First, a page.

This translates to 341 236 young voters registered compared with the 646 313 in 2014.
Western Cape Provincial Electoral Commission head Courtney Sampson put this down to the fact that people have to physically register to vote and cannot do so via electronic media, something that this age group was used to.
“Presently the Electoral Act requires that a person must register in person. It is not possible to do anything else legally. The act must be changed to make provision for other forms of registration to make it easier for younger voters,” he said.
However, the Electoral Commission of SA’s (IECs) senior manager, electoral matters, Granville Abrahams, is upbeat about the role that technology can play to help beat this huge drop.
He said the commission had aimed to replace registration hardware and software applications before the elections. “But procurement challenges made this impossible.
“This would have sidestepped the challenge of the current registration process, which requires locating an applicant on a physical map and then using a barcode associated with that map to register an applicant in the voting district where they are ‘ordinarily resident’.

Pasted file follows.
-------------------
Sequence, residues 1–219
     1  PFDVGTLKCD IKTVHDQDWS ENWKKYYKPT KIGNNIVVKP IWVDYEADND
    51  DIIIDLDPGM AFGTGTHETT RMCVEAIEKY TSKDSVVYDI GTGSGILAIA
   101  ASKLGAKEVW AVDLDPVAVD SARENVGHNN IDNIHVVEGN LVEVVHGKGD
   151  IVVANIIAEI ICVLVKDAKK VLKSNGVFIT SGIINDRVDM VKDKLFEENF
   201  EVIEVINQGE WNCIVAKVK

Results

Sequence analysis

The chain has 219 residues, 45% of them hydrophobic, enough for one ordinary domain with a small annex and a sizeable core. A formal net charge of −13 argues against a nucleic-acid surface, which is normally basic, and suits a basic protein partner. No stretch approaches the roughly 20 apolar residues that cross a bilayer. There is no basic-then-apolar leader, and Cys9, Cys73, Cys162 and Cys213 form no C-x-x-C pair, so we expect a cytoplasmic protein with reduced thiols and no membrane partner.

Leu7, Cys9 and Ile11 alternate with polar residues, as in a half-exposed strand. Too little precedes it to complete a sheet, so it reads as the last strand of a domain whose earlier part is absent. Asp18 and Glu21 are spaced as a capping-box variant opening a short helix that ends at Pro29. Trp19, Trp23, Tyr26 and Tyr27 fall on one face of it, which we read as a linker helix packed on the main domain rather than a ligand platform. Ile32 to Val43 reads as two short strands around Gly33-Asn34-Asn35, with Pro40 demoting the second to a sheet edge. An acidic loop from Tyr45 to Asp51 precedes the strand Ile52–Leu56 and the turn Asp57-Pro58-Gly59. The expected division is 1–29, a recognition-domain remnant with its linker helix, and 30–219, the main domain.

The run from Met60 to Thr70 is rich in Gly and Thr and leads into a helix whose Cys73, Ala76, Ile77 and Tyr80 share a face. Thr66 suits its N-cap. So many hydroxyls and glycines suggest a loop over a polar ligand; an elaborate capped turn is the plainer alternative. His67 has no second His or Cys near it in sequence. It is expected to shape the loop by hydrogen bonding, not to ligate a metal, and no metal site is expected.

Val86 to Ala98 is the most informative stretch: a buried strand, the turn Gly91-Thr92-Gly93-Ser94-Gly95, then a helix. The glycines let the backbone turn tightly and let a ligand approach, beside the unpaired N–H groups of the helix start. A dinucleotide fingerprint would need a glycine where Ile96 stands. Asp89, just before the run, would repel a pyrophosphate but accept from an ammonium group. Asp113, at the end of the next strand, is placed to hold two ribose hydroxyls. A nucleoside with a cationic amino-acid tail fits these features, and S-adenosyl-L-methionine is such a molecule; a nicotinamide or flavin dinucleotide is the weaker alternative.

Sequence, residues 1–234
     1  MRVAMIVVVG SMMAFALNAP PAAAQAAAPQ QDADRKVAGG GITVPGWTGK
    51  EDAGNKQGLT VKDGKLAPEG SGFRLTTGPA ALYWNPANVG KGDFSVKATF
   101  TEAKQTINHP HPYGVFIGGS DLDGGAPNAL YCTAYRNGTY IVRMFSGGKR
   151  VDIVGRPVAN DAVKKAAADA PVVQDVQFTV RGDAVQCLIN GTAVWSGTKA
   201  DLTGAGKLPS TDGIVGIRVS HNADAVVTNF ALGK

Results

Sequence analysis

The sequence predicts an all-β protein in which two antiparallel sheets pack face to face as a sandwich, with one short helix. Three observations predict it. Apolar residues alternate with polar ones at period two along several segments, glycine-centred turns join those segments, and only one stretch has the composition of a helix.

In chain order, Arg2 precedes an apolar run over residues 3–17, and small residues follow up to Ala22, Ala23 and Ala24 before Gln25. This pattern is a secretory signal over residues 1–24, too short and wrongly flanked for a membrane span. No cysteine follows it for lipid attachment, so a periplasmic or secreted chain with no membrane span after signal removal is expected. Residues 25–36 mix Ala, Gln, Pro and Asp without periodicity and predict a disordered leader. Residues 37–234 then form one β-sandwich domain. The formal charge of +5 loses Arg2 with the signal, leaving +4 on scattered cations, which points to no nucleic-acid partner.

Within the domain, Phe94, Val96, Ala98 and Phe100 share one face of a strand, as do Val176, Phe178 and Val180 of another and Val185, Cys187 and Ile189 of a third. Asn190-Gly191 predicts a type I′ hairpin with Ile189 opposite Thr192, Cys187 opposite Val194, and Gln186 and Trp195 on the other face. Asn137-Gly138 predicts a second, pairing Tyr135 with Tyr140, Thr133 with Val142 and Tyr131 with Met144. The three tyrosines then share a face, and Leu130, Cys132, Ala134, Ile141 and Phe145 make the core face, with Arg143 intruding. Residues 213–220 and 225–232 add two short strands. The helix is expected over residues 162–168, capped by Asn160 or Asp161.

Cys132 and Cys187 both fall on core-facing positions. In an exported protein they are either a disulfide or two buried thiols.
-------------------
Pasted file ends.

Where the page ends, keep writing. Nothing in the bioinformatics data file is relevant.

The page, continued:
“The IEC’s focus is on using technology to replace the need for a physical map and barcodes, thus allowing the voters roll to be updated remotely and immediately,” Abrahams said.
“In late February a two-week pilot of such a web-based application proved highly successful. The success of this pilot paves the way for greater interaction with schools, where the IEC is already active with democracy education.
“This technology is bound to make an impact on the next elections.”
Judith February, the author of the research, said it was curious that the IEC had not advised Parliament on this big drop in the 18- to 19-year-old registration category.
“It is incumbent on the IEC to point this sort of significant information to Parliament,” she said.